I also like this movie because it teaches us how to form a friendship and show mildness. In the period between 1950’s and 1970’s, a friendship between a rich white Jewish woman and a black Catholic man would be almost impossible. The phrase, “Never gonna understand some white folks” illustrates the tremendous difference in mentality of rich white and poor black people. Hoke cannot imagine having as much money as Miss Daisy has and not boasting about it. Meanwhile, she is offended when Hoke says she should show her wealth without shame.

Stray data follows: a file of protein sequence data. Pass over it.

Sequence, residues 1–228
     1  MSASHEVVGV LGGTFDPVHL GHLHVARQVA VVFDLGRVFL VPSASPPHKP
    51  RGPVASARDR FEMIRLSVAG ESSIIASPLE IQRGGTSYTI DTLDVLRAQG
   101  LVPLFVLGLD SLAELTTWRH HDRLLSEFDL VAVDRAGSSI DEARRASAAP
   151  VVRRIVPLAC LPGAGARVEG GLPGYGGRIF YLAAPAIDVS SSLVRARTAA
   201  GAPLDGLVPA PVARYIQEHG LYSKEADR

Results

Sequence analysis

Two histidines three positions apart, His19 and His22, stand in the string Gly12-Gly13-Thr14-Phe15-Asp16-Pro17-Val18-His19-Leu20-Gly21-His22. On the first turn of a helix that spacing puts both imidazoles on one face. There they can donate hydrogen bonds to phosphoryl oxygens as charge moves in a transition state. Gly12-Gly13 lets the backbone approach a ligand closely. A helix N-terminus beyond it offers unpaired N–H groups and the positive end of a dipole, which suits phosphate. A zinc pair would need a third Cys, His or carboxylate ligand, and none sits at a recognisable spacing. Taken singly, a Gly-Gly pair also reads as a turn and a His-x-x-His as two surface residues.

There is a special moment of unity between Hoke and Miss Daisy when he drives her to Alabama to celebrate her brother’s birthday. I like the moment when Miss Daisy supports Hoke for the first time. When two police officers come to Hoke, wondering where he has taken such an expensive car, Miss Daisy, sitting in the back seat, says that she owns it. Certainly, it was interesting to watch how police officers treated African-American citizens back in the 1960’s. Black people were not supposed to own cars or have highly paid jobs. That always raised suspicions.